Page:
Brian Sullivan ’16 also had an effective game, dishing out a career-high 8 assists while adding 14 points. When Jack Gibbs ’17 went to the locker room for a few minutes late in the first half, Sullivan calmly took the reigns and helped settle the Wildcats in the half court. Sullivan was only 2-8 from three today as his shooting woes continue, but he’s finding other valuable ways to contribute. As a team, the Wildcats dished out a season-high 25 assists.

“I’m still not really shooting as well as I’d like to, but I’m not really worried about it. I’m playing well and I’ve let [the worries about the shooting struggles] go,” Sullivan said. “I wasn’t getting too down on myself because I was still playing really good basketball.”

The highlights again came from Jordan Barham ’16, who’s carving himself a nice scoring role off the bench. These highlights involved a pair of high-flying dunks. The first, which was negated by an offensive foul, involved Barham posterizing a Stetson defender with a left-handed tomahawk. Nobody will remember that he was called for a foul on it. The second came off an inbounds pass below the basket. Barham cut across the lane and soared above a Hatters defender to catch the Kalinoski pass well above the basket. His two-handed alley-oop slam punctuated a perfectly designed out-of-bounds play. And this one counted.

Despite the final margin, the opening minutes were probably the sloppiest Davidson has played this season, with a few too many passes thrown to unsuspecting teammates. It wasn’t necessarily a ton of turnovers, but just a general lack of focus in the opening two or three minutes. Perhaps that could have been because the arena had none of the energy from Wednesday night, or perhaps it could have been a pre-exams lull, but credit the captains for getting their team going quickly. Coach McKillop talked about this being a trap game, but Davidson avoided all potential problems by keeping the throttle on.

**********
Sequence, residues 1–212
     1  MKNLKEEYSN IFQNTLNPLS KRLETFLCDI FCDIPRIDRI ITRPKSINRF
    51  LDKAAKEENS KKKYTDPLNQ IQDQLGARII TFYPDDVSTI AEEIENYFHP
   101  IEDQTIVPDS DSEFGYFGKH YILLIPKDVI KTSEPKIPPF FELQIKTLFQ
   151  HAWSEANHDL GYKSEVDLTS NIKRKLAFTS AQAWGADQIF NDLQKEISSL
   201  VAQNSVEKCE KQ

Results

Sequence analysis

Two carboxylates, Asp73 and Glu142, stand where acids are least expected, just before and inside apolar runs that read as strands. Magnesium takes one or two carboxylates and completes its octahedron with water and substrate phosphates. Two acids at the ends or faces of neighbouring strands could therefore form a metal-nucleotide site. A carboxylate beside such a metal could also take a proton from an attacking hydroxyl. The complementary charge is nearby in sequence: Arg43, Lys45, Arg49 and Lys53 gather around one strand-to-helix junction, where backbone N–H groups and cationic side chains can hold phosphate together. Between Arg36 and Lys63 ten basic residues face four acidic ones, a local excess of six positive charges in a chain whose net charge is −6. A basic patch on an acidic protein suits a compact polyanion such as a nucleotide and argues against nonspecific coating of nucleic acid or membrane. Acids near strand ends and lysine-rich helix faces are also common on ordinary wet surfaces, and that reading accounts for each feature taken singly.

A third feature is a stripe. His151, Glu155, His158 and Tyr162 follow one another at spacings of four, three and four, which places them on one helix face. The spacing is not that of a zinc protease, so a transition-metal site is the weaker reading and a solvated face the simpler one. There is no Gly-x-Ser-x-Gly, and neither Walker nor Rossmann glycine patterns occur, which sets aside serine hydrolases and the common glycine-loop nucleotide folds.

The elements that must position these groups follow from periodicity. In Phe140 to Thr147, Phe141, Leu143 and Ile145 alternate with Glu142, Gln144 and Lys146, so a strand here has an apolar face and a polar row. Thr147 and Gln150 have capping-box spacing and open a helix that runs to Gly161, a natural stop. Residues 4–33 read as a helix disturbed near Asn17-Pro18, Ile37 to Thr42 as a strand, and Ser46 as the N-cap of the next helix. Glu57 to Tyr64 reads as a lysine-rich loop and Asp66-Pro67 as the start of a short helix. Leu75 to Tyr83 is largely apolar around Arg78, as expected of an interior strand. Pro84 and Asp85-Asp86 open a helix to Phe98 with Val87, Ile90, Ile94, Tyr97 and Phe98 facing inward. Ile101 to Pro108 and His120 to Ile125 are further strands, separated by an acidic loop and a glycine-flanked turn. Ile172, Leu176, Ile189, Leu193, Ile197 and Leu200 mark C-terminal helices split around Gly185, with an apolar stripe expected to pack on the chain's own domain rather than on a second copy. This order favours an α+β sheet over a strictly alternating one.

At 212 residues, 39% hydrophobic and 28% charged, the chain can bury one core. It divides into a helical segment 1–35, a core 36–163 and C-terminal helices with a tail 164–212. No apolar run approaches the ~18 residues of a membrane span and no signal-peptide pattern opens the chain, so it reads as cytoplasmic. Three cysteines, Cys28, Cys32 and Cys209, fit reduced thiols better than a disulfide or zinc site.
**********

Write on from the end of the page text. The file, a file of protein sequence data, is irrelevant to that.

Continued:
Stetson is one of the most inexperienced teams in all of Division I basketball, starting three freshmen and playing another three significant minutes. But today they were also hindered by the fact that Brian Pegg, their leading scorer, didn’t play. They seemed inclined to push the pace in the early going, which was an odd choice. They were often out of control, and their shooters were simply awful (4 of their first 28 from deep).

In the first half, Davidson seemed content with running their half-court sets and getting good looks from three, while Stetson lacked any sort of offensive rhythm. The Wildcats built a double-digit lead in the opening minutes and gradually stretched it over twenty as the Hatters went the last nine minutes of the half without a field goal. Davidson led 48-24 at the break.

Oskar Michelsen ’18 scored 16 points off the bench. And Nathan Ekwu ’18, who got his first start in place of the injured Belford, chipped in 7 points and 10 rebounds. Belford’s injury is a muscular problem in his left foot which happened during the Charlotte game. But McKillop thinks it will only be a few days before he’s back in the starting lineup.

Davidson’s next game is on the road at Montana Wednesday night before returning home for a contest against Niagara next Saturday evening.

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Davidson Crowned Charlotte’s King of College Basketball

(Written for The Davidsonian in my capacity as sports editor. I will post everything I write on this blog as well as on Davidsonian.com)